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Re: One large v. many small

From: "Curtis Faith" <curtis(at)galtcapital(dot)com>
To: "'Curt Sampson'" <cjs(at)cynic(dot)net>,"'Josh Berkus'" <josh(at)agliodbs(dot)com>,"'Noah Silverman'" <noah(at)allresearch(dot)com>
Cc: <pgsql-performance(at)postgresql(dot)org>
Subject: Re: One large v. many small
Date: 2003-01-31 14:32:11
Message-ID: 001401c2c935$8c759140$a200a8c0@curtislaptop (view raw or flat)
Thread:
Lists: pgsql-generalpgsql-performance
Curt Sampson wrote:
> >From the description given in Noah's message, and also the 
> one given in his later message, I have little doubt that 3000
> small tables are going to be significantly faster than one 
> large table. If you don't believe me, work out just where the 
> disk blocks are going to end up, and how many blocks are going
> to have to be fetched for his typical query in a semi-clustered or 
> non-clustered table.

You may be right, Curt, but I've seen unintuitive results for this
kind of thing in the past.

Depending on the way the records are accessed and the cache size,
the exact opposite could be true. The index pages will most likely
rarely be in memory when you have 3000 different tables. Meaning
that each search will require at least three or four index page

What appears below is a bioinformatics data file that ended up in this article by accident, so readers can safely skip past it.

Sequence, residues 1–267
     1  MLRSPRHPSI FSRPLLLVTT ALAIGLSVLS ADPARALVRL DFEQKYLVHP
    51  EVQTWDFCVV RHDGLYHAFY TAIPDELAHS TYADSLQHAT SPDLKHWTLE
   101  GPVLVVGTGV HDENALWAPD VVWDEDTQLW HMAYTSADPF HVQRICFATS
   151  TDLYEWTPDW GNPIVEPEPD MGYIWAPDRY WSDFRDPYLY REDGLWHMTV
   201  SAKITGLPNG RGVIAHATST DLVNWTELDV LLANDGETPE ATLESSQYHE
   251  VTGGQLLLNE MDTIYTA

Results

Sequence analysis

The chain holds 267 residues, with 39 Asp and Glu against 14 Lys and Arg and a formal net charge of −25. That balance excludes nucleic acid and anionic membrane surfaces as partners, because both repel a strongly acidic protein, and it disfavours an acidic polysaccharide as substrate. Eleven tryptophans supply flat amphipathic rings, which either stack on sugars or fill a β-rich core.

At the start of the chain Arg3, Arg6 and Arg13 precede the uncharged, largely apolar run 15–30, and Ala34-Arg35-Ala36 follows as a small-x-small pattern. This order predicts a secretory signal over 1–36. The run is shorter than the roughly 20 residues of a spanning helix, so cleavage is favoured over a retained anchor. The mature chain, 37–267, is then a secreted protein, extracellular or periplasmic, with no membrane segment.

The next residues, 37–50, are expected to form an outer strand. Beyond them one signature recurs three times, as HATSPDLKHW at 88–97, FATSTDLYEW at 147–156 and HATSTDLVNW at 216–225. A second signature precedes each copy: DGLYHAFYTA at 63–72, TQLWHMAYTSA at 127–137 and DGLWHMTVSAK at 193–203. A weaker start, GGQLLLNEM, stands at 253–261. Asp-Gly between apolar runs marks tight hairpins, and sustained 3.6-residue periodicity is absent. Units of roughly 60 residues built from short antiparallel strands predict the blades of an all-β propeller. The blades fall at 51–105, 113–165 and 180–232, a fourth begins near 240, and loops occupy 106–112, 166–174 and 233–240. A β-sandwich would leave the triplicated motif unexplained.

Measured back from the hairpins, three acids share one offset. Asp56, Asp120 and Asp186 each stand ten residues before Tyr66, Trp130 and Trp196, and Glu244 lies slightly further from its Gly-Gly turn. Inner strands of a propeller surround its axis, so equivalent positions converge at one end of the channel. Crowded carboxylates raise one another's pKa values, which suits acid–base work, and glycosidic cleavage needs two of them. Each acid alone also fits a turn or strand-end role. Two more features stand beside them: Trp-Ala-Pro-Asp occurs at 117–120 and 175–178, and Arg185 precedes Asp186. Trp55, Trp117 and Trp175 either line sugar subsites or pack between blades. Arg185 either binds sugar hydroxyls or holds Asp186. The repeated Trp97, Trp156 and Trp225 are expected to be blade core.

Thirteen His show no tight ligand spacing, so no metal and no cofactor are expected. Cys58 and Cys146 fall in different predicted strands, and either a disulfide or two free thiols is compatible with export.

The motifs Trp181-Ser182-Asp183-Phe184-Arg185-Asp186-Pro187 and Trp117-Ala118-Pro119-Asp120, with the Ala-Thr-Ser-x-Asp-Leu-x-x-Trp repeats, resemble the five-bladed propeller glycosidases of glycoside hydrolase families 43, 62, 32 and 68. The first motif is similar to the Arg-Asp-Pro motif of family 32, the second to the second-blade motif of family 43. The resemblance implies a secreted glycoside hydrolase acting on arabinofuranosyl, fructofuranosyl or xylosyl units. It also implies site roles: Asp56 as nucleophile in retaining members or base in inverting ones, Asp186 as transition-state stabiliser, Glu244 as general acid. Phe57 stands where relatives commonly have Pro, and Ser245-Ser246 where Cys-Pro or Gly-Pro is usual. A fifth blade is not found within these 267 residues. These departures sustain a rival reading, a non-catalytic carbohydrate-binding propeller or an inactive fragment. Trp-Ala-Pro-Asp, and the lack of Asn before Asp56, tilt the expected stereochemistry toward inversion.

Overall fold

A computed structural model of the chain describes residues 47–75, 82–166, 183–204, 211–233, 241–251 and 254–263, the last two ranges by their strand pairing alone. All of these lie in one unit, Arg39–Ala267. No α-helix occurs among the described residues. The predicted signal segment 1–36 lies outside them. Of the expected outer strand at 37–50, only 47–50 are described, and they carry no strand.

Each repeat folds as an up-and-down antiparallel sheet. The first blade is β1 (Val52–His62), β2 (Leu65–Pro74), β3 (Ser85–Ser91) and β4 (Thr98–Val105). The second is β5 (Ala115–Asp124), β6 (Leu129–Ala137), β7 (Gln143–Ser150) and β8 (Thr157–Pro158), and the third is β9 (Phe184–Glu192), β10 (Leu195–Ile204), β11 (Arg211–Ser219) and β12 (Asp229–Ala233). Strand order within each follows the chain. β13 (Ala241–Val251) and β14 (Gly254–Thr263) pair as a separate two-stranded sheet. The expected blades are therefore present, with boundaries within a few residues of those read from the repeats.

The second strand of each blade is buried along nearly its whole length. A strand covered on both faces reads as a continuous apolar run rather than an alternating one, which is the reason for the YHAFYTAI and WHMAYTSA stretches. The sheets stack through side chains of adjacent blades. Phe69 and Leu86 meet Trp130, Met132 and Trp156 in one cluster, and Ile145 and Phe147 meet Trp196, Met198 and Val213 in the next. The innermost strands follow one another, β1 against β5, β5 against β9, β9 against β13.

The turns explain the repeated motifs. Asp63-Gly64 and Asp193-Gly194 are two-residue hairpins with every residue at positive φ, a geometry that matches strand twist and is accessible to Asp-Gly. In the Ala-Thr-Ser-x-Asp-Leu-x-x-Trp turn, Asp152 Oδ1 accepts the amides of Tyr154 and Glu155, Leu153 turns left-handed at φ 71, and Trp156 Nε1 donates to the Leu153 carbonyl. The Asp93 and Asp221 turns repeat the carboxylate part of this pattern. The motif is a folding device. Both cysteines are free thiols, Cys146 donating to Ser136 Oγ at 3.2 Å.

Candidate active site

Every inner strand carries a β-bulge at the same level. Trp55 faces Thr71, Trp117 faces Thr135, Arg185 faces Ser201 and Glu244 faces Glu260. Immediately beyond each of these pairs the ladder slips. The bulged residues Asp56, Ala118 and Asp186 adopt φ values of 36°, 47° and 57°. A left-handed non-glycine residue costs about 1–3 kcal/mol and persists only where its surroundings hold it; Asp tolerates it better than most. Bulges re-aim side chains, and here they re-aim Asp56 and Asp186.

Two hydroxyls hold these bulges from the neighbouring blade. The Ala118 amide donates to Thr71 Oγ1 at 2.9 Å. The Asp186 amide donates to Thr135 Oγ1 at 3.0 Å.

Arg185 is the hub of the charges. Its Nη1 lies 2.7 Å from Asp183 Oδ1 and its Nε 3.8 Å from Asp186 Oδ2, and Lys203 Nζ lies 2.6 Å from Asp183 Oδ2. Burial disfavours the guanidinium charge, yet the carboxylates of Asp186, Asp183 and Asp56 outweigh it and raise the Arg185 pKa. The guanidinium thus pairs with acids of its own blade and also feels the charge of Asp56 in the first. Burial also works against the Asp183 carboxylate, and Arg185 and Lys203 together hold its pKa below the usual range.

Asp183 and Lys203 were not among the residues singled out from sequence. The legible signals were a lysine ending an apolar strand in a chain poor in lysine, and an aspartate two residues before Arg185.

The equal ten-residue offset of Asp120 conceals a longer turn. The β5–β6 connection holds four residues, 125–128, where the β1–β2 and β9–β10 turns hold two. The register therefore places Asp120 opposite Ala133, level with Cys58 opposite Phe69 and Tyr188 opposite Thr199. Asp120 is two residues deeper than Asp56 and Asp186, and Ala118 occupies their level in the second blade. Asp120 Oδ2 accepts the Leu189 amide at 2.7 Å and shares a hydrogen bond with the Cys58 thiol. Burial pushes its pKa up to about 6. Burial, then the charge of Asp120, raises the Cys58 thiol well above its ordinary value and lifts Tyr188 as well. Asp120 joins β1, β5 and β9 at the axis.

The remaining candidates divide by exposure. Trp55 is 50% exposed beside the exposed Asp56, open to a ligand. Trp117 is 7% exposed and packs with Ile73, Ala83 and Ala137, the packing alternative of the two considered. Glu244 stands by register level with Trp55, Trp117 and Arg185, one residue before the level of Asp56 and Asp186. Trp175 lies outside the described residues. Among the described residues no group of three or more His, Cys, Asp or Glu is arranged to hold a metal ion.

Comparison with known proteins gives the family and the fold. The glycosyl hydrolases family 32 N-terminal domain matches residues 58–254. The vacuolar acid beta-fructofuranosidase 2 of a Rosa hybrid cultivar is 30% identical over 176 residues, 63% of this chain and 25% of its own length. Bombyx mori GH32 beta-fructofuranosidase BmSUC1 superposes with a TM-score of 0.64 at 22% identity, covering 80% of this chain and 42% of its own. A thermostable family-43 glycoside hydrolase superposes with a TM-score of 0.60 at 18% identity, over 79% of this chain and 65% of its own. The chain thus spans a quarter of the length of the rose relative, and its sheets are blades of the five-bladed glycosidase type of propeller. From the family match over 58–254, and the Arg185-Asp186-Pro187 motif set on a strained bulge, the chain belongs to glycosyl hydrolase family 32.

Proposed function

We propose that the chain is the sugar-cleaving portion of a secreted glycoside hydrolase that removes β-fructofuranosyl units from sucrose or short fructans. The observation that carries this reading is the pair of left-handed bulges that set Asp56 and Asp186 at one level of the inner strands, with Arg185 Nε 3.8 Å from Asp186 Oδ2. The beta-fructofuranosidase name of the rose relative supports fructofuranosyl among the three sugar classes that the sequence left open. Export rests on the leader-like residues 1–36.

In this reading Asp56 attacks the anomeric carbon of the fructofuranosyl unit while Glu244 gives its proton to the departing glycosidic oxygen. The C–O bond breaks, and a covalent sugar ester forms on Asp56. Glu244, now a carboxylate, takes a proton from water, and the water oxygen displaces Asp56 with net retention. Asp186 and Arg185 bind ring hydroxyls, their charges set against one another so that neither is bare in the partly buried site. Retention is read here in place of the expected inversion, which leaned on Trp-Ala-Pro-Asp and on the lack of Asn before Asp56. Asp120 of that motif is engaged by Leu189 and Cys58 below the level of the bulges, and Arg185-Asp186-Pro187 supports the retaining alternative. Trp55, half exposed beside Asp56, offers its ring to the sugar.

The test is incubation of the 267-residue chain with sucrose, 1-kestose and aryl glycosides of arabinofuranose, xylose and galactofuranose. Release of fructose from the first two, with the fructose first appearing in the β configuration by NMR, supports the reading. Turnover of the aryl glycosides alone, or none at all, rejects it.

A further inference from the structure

retrievals plus the tuple page.

So what you might lose due to lack of clustering will be made up
by the more efficient caching of the upper levels of the index
btree pages.

Combine a multi-part index (on both client and foo, which order
would depend on the access required) that is clustered once a week
or so using the admittedly non-optimal PostgreSQL CLUSTER command
and I'll bet you can get equivalent or better performance with the
single table with the concomitant advantages of much better
reporting options.

I've also  seen many examples of linear algorithms in database
data dictionaries which would cause a 3000+ table database
to perform poorly during the parsing/query optimization stage.
I don't have any idea whether or not PostgreSQL suffers from this
problem.

I don't think there is any substitute for just trying it out. It
shouldn't be that hard to create a bunch of SQL statements that
concatenate the tables into one large one.

Try the most common queries against both scenarios. You might be
surprised.

- Curtis



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